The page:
IDAHOT 2014 Report: Namibia

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Namibia

In Namibia, for IDAHOT 2014, HIV/AIDS organisations called out for protection and advancement of Freedom of Expression for LGBTI people in order to address the HIV/AIDS pandemic in the country.

The AIDS and Rights Alliance for Southern Africa (ARASA) in Windhoek, Namibia, sent out a press release on May 16 in commemoration of the IDAHOT, to ask Southern African governments to respect and protect the right to Freedom of Expression of LGBTI people to effectively address the spread of HIV.
“The right to freedom of expression is crucial for the HIV response because it provides protection for human rights activists, LGBTI and other civil society organisations who disseminate information on HIV prevention and provide HIV-related services to LGBTI people living in countries, which criminalise adult same sex sexual intercourse,” explained Michaela Clayton, Director of ARASA.
“Unfortunately, the lives of most LGBTI people and their allies in this region are characterised by threats, harassment, extortion, violence and prosecution, for talking about sexual orientation or gender identity issues or for expressing their sexual orientation and gender identities,” she added.
In the press release ARASA highlights the fact that the right to Freedom of Expression is guaranteed in the Universal Declaration of Human Rights, the International Covenant on Civil and Political Rights, the African Charter on Human and Peoples’ Rights as well as the Constitutions of most countries in the region but that the real situation for LGBTI people in sub-Saharan Africa, where the HIV epidemic is very strong, this right is under attack in many ways.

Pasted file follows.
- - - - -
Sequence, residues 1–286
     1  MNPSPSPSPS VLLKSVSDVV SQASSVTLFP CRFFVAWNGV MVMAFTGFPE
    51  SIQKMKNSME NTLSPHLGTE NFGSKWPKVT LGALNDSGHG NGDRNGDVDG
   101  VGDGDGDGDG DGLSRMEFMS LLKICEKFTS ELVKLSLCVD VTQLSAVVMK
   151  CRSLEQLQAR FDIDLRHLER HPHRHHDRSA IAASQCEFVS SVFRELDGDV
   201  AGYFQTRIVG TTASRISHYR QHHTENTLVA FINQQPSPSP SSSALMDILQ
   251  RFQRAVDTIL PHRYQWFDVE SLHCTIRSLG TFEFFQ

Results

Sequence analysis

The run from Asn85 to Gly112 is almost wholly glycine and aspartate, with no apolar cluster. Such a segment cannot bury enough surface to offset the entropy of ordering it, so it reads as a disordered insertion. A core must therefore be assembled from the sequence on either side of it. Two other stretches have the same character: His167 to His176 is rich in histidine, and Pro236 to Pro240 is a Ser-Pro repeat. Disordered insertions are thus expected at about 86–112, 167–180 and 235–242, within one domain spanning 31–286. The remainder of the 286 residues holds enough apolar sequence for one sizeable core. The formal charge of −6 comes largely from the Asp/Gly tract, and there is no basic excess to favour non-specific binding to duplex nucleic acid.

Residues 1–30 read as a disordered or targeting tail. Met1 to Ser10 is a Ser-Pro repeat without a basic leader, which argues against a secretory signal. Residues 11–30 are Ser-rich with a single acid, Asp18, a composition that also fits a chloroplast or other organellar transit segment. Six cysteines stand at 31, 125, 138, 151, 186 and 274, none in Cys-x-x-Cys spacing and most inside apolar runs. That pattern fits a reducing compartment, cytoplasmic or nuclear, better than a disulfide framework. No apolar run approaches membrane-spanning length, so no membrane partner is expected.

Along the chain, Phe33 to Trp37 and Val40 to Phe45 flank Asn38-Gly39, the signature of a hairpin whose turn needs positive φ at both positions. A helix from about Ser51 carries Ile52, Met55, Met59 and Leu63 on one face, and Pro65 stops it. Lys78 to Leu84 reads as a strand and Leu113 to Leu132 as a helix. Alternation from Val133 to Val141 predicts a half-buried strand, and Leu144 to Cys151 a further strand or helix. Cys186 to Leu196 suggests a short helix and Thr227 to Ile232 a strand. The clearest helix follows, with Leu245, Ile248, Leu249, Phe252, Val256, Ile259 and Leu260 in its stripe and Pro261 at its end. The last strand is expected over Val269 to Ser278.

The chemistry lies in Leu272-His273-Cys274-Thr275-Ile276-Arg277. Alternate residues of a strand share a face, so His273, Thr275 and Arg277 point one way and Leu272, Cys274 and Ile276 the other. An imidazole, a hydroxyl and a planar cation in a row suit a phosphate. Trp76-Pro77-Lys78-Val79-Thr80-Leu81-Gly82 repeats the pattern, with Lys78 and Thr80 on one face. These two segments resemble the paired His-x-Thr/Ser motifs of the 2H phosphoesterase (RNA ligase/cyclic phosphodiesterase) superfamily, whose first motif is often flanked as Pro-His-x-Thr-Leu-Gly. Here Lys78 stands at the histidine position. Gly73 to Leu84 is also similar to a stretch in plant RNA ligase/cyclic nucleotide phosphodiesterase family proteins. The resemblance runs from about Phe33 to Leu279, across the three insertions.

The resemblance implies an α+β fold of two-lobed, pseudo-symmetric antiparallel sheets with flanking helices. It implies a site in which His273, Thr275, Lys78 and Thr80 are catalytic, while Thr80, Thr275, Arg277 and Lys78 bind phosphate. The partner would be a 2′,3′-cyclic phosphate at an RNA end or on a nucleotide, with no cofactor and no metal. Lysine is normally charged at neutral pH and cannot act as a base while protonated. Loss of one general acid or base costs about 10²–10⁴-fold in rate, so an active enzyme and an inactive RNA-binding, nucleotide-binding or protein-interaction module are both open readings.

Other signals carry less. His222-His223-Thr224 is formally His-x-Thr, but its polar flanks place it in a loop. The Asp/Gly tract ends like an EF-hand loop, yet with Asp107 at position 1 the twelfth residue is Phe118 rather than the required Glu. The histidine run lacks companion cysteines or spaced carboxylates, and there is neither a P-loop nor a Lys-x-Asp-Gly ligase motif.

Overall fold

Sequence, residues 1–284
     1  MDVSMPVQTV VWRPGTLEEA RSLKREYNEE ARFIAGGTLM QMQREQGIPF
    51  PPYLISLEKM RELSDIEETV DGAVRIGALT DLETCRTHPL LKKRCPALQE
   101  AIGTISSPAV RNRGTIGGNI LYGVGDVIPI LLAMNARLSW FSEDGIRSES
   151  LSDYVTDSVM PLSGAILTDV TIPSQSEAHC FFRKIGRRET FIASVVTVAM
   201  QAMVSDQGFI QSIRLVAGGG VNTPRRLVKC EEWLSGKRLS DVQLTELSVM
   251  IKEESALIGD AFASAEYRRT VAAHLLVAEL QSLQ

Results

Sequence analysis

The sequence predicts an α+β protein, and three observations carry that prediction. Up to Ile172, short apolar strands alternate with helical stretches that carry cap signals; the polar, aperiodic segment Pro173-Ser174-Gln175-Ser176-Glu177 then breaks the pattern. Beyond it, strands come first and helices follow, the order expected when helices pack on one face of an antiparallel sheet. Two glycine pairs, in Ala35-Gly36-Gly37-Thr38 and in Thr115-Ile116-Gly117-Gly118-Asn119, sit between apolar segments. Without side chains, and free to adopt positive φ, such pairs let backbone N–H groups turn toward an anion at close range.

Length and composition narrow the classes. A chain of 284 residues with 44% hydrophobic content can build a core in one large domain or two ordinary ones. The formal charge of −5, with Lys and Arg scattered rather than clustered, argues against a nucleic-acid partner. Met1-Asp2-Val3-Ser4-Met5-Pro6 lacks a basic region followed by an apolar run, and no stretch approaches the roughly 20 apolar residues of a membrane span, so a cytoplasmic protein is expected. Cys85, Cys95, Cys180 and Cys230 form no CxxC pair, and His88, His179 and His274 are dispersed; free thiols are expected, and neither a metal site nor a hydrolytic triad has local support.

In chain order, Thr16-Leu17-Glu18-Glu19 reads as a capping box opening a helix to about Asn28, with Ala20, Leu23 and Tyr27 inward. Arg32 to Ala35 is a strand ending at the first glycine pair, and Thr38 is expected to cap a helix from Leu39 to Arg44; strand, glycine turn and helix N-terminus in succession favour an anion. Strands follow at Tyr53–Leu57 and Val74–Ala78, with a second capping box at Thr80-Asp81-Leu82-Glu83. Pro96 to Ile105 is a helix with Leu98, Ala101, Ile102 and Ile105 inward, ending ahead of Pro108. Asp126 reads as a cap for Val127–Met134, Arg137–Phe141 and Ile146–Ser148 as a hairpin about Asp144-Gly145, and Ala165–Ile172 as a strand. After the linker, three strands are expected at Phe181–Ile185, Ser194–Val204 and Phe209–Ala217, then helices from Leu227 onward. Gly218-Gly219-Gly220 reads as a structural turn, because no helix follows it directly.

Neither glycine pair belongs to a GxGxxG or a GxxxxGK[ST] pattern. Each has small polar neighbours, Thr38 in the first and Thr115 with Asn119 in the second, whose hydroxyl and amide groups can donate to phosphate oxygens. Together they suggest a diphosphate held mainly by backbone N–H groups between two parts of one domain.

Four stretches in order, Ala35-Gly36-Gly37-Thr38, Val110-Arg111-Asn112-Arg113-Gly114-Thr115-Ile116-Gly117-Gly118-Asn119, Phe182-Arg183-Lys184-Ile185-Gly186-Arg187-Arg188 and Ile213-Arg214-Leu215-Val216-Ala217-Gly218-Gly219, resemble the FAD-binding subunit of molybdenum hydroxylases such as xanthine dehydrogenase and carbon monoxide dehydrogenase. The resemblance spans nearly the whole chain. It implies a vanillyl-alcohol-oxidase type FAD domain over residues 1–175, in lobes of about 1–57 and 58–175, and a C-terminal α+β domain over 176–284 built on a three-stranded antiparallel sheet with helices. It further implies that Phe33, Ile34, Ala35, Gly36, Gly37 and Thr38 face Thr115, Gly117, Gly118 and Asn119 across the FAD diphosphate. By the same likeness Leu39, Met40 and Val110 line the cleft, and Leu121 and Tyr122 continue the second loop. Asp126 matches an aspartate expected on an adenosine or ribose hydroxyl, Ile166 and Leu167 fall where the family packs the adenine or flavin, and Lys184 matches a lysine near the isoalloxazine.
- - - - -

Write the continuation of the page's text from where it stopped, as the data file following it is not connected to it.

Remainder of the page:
As an example for these attacks, the case of Paul Kasonkomona is mentioned. Kasonkomana was arrested last year in Zambia for openly speaking out for the rights of LGBTI people in order to comprehensively address HIV. The statement also addresses the Anti-Homosexuality Acts that have been put in place in Uganda and Nigeria which aside from increasing acts of violence against LGBTI people also puts NGOs who provide services HIV related and other support to LGBTI at risk.
“The right to freedom of expression is important on its own, but even more so because it is essential for the realization of other human rights. Clearly these draconian laws are meant to limit people’s ability to associate and access information, which will enable them to make critical health and other life choices,” said Clayton.
“We implore that governments protect the right to freedom of expression so that all NGOs and citizens can speak their minds freely and access information without fear of subjugation,” she added.

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